So how does this integration translate into his classes and co-op programs?
First, one of the things the special needs teachers, IEP team, parents and Mr. Pennock do is evaluate the student.  The painful part of this conversation was here – your kid may be at his/her highest ability of education, at this point we need to start ‘training’ (my word here) him or her for the workforce.  Ex: that the special needs teacher gave – training your child to shake the hand of his/her employer, not hug him/her.  Good point.  

So a parent asked, what type of jobs?  Hostesses, cashiers, etc…and you could hear a pin drop. Is this it? The best we can hope for our children in these types of programs?  No said Mr. Pennock, but it is the type of employer that will work with your child, or any high school kid, for that matter.  He does have a child (not special needs) working with the county lawyer, but it is unpaid – but the kid wants to go to law school.

While this made everyone a bit more comfortable, I still had visions of Demetrius working at Walgreens or CVS, putting Cheetos on the shelf and helping grandmas with ordering their digital photos.  

But I get it – school is about preparation for the future, for each kid, not for your parental dreams.  Nuff said.

He further stated that you know what, not only are these kids in the classroom and its great for the kids and school, they are often the best performers in the program. They are proud of their jobs, they do their best, they don’t resent being asked to do things that they may think may be ‘below them’, they aren’t petulant, and they get their forms signed and turned in on time.  There are 174 ‘work days’ in a school year, and most of these kids only miss when they are sick or its vacation. What more as a teacher can you ask?

Who else is in this program, a parent asked?  Teenage mothers, kids who want to be involved in ‘business studies’ (he also teaches a marketing and business principles class) and ‘at-risk’ kids who won’t earn a high school degree in a traditional college prep program, this is their other option.  Again, the parents went quiet.

Can I see a kid teasing Demetrius or bullying him?  Absolutely.  Isn’t this me being stereotypical, not unlike other parents are when they think of special needs kids? Absolutely. Shame on me.  But in many ways this is the saving grace of the Co-Op program, it is training kids to be proud and better at things that I may not be putting value in/on.  Again, shame on me.  So I rationalized this fear out of my head.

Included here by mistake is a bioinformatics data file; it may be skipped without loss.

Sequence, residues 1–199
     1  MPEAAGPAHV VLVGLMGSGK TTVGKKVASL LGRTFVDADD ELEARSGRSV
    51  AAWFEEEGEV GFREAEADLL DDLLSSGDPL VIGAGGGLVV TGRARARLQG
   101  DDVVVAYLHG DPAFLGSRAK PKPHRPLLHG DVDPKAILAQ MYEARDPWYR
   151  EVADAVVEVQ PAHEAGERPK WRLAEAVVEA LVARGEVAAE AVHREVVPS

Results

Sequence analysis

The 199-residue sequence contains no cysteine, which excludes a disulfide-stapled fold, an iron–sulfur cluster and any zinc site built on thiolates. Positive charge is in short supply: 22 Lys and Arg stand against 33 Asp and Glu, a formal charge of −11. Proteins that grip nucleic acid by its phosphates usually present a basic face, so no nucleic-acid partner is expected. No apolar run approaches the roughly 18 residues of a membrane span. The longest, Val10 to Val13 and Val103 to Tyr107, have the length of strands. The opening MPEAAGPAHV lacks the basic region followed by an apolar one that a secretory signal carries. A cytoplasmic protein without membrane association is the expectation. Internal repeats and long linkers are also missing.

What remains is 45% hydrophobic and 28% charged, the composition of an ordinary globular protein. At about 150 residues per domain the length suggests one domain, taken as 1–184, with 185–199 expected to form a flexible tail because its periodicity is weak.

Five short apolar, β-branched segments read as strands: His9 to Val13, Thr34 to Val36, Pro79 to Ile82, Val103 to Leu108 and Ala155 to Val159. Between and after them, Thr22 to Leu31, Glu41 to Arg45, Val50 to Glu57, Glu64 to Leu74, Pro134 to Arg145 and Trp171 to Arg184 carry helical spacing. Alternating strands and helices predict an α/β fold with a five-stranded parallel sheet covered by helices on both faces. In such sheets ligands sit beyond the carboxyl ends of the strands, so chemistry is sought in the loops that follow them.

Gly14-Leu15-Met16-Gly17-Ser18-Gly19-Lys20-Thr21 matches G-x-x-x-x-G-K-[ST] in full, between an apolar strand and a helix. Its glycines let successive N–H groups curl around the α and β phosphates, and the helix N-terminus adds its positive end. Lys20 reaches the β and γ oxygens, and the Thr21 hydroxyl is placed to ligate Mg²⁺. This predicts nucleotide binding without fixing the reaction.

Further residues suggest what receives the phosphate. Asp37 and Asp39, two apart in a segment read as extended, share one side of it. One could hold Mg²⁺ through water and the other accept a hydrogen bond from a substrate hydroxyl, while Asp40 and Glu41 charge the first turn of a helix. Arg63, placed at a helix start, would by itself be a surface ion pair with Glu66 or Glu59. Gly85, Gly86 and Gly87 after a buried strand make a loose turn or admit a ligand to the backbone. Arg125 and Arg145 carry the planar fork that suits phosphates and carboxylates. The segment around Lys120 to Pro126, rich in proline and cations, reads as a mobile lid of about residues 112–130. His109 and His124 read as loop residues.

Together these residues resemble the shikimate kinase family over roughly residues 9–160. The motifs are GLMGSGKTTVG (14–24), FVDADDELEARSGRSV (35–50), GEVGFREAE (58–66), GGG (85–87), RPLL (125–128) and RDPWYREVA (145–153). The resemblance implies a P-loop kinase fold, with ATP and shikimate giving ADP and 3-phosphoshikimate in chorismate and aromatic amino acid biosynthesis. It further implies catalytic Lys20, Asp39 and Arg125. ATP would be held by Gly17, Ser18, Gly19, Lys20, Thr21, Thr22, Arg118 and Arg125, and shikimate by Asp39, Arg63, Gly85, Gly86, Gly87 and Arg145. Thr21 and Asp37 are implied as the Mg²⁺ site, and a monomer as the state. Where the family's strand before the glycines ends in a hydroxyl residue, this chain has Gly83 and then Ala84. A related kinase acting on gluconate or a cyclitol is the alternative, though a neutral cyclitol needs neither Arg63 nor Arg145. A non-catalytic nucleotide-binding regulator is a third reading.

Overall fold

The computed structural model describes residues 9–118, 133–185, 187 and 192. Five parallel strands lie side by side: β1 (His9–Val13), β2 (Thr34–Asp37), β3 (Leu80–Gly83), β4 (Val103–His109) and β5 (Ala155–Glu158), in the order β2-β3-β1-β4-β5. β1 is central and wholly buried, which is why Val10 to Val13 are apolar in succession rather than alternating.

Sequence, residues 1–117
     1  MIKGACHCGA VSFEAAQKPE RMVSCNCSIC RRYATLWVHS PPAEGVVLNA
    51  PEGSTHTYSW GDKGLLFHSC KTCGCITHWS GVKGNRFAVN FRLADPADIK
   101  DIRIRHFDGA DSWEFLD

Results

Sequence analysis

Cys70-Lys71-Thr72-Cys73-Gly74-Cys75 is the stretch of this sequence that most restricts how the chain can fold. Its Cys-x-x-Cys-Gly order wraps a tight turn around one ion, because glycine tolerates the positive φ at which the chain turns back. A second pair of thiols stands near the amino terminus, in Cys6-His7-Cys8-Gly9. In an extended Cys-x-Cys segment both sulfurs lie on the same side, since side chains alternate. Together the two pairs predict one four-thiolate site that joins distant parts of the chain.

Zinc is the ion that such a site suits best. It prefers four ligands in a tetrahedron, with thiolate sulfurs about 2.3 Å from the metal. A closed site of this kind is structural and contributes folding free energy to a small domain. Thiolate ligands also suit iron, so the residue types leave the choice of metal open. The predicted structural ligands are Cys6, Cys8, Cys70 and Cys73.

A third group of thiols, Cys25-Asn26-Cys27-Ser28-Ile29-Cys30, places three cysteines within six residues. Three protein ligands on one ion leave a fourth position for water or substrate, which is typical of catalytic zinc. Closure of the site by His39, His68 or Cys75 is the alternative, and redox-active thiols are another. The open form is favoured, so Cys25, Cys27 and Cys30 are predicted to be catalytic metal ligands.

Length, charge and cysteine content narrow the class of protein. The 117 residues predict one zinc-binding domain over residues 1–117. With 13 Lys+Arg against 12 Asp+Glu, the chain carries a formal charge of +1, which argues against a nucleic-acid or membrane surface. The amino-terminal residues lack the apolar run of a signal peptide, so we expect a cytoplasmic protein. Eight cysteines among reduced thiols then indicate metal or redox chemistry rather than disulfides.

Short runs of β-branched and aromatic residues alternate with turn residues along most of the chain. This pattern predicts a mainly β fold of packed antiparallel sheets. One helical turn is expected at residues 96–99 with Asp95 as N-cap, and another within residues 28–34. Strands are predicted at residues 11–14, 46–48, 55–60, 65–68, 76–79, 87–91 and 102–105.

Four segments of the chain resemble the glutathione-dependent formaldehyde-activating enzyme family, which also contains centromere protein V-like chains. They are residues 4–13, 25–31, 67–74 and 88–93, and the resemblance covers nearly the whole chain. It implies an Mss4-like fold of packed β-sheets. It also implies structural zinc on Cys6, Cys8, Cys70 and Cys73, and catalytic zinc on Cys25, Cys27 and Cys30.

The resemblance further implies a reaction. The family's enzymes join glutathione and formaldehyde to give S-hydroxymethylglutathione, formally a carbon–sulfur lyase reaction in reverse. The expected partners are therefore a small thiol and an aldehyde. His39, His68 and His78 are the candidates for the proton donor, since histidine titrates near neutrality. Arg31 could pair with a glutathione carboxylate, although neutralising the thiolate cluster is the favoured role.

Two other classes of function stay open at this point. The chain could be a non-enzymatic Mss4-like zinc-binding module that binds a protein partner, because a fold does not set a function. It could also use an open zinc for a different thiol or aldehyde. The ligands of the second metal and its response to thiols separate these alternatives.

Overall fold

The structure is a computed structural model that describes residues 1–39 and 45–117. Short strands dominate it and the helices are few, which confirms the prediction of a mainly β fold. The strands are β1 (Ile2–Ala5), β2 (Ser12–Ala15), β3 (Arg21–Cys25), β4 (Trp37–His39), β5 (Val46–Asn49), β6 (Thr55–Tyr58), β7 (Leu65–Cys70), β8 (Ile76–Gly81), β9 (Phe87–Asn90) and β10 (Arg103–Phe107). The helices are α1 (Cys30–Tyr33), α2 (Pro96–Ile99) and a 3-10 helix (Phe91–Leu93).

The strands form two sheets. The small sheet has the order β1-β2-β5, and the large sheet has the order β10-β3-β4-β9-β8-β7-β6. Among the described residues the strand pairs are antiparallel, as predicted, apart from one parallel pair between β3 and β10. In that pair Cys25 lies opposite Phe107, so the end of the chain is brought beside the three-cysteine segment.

I found this session interesting and Mr. Pennock to be very engaging and positive.  He wants kids who want to make a difference and try hard, and you can say that he genuinely didn’t see an issue with a kid being at risk, a teenage mother or special needs, as long as they were willing to try, learn and work for what they wanted.

At the break, some of the parents approached him with questions.  He answered many questions with regards to his program, and then would bring the special needs high school teacher into the conversation when it came to particulars on IEPs and the Co-Op program.

I heard him say that simply some kids didn’t need a lot of IEP support due to where they are on the spectrum or their disabilities. Others, he’ll spend half an hour or so every couple of weeks on going through to make sure the kids are hitting stride, and working with the employers so they understand what the kids are supposed to learn and work on.

Isn’t that great?!?

This guy will probably be long retired before Demetrius ever would get to high school, and I’m not moving 45 min-to-an-hour south of Lexington to go to Danville High School, but I will tell you what – I did like what this guy was saying from a micro (IEP for your kid and working with a teacher) and macro level (70s non-inclusion and 00s integration).

Well done Mr. Pennock. Well done – keep it up. Any kid working with you to develop life skills is a kid that’s better off.

Posted by Jerry in 21:14:35 | Permalink | Comments (3)

Saturday, March 7, 2009

Good Content Regarding IEPs And Such

This morning (Saturday), I drove to Danville, KY for a seminars on IEPs in the state of Kentucky. I would guess there were about thirty parents there, and a number of local educators.

I’ll be writing over the course of the weekend about it – while it is fresh in my mind. 

Now, as I’ve said before, I’m not the most compassionate guy in the world, and if I wasn’t new to the state, I’d have left with having listening to the whining and crying.  But eventually it died down and it turned to some good solid conversations.

However, I will start out on the personal side, and one of those things you realize while listening to stories and lectures that I often forget in my day-to-day life.

Kim and I are EXTREMELY LUCKY that we have a lifestyle that enables her to be so active and involved in Demetrius’ life.